Michigan wheat farmers can’t make up for crops lost in Ukraine

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Michigan wheat. Image: Michigan Department of Agriculture & Rural Development

By Hope O’Dell

Capital News Service

Michigan farmers can’t plant more wheat this year to make up for Ukrainian and Russian production that’s been lost to the ongoing war.

Combined, Russia and Ukraine account for 30% of the world’s wheat production, said Scott Swinton, an agricultural economist at Michigan State University.

According to Bloomberg News, Russian exports are at near-normal pace, but that could change as sanctions get tougher.

“A third of the world’s supply comes from an area that’s now offline,” he said.

Michigan farmers can’t make up for that loss, Swinton said, because Michigan, Ukraine and Russia produce soft winter wheat. It was planted last fall and will be harvested in the summer.

A fixed supply and consistent demand for wheat leaves one thing open to change: price. Michigan farmers are seeing higher prices for their crops amid the unpredictable war and increased production costs.

According to the U.S. Department of Agriculture, Michigan produced $281.2 million worth of wheat in 2021.

In the same year, Ukraine exported $5.1 billion worth of wheat, according to the American Farm Bureau.

That left a big hole to fill when Russia invaded Ukraine, and Michigan farmers felt the bump, Swinton said.

“When Michigan farmers planted their winter wheat last fall, prices were around $7.20 a bushel,” Swinton said. “A week or two after the Ukraine war started, they spiked to $13 a bushel.”

Theresa Sisung, an industry specialist with the Michigan Farm Bureau, said wheat prices have stabilized since their peak in the beginning of March.

Even so, “they are still quite a bit higher than what would be considered a more normal price,” she said.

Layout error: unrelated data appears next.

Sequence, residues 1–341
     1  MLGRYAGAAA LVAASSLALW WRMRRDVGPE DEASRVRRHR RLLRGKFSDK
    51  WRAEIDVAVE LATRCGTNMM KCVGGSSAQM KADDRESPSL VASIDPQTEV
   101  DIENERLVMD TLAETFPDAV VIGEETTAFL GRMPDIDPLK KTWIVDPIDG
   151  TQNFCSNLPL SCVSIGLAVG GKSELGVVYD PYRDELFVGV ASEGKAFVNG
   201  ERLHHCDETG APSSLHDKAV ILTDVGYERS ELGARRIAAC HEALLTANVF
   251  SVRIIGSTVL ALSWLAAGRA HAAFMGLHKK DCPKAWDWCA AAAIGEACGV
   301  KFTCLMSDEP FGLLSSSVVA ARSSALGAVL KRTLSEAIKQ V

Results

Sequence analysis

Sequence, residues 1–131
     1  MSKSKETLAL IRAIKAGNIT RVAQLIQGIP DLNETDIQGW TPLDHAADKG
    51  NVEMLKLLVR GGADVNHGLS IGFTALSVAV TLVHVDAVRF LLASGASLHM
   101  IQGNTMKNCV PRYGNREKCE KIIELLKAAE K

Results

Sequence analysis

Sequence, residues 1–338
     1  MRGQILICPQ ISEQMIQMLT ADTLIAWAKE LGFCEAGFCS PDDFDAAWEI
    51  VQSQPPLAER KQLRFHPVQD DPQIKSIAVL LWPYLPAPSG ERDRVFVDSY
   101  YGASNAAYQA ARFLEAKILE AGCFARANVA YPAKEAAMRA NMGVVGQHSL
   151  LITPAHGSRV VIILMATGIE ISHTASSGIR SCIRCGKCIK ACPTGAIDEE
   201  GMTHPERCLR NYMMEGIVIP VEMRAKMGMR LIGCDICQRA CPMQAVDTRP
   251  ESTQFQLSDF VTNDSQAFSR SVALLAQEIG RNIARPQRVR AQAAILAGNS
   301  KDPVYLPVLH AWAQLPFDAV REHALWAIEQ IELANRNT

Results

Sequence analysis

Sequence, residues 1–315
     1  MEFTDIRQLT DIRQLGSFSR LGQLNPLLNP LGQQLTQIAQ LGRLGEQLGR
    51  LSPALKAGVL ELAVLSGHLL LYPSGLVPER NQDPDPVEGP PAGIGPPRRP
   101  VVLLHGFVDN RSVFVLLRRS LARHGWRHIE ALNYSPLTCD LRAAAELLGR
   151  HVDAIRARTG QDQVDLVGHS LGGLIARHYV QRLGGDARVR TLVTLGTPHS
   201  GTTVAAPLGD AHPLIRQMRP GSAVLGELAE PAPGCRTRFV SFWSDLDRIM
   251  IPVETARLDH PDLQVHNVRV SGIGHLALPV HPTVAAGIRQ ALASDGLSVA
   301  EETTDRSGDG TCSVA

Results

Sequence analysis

The current price is about $11 a bushel if farmers sell their crop in May, according to the Farm Bureau’s table of futures prices.

Many farmers contract to sell their crop before it’s harvested to lock in the current predicted price, or the futures price, Sisung said.

For example, if a farmer contracts to sell in May for $11 a bushel, the grain elevator must buy the agreed-on number of bushels, with $11 as the starting price, although elevators have some control over the final price.

Sisung said while the market’s up, farmers who haven’t already contracted to sell are trying to take advantage of the high prices.

If the Ukraine-Russia war continues for a long time, Sisung said, prices will continue to rise, especially if it lasts into summer –– the harvest season.

On the other hand, Swinton said, even if the war is cut short, there will still be fallout because the displacement of millions of Ukrainians, along with damage to infrastructure, has hurt the country’s ability to harvest its crops.

“Even if the war were to end today, I don’t think that Ukrainian farmers would be able to harvest as much as usual,” he said.

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